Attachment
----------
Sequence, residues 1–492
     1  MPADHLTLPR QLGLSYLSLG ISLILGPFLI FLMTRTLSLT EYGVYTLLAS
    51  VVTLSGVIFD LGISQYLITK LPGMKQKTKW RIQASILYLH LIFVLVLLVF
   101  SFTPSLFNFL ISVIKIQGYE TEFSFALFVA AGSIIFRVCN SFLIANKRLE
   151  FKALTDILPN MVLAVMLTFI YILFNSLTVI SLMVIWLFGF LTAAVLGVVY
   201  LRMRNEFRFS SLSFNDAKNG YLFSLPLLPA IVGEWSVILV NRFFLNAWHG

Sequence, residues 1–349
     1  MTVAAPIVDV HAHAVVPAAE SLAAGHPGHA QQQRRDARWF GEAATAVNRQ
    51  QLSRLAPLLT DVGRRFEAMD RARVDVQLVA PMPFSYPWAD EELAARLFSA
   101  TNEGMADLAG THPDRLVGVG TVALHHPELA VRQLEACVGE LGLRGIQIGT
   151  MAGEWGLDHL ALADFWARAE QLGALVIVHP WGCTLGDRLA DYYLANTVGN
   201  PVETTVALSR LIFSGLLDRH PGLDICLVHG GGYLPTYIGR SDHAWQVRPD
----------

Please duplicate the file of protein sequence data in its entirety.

Sequence, residues 1–492
     1  MPADHLTLPR QLGLSYLSLG ISLILGPFLI FLMTRTLSLT EYGVYTLLAS
    51  VVTLSGVIFD LGISQYLITK LPGMKQKTKW RIQASILYLH LIFVLVLLVF
   101  SFTPSLFNFL ISVIKIQGYE TEFSFALFVA AGSIIFRVCN SFLIANKRLE
   151  FKALTDILPN MVLAVMLTFI YILFNSLTVI SLMVIWLFGF LTAAVLGVVY
   201  LRMRNEFRFS SLSFNDAKNG YLFSLPLLPA IVGEWSVILV NRFFLNAWHG

Sequence, residues 1–349
     1  MTVAAPIVDV HAHAVVPAAE SLAAGHPGHA QQQRRDARWF GEAATAVNRQ
    51  QLSRLAPLLT DVGRRFEAMD RARVDVQLVA PMPFSYPWAD EELAARLFSA
   101  TNEGMADLAG THPDRLVGVG TVALHHPELA VRQLEACVGE LGLRGIQIGT
   151  MAGEWGLDHL ALADFWARAE QLGALVIVHP WGCTLGDRLA DYYLANTVGN
   201  PVETTVALSR LIFSGLLDRH PGLDICLVHG GGYLPTYIGR SDHAWQVRPD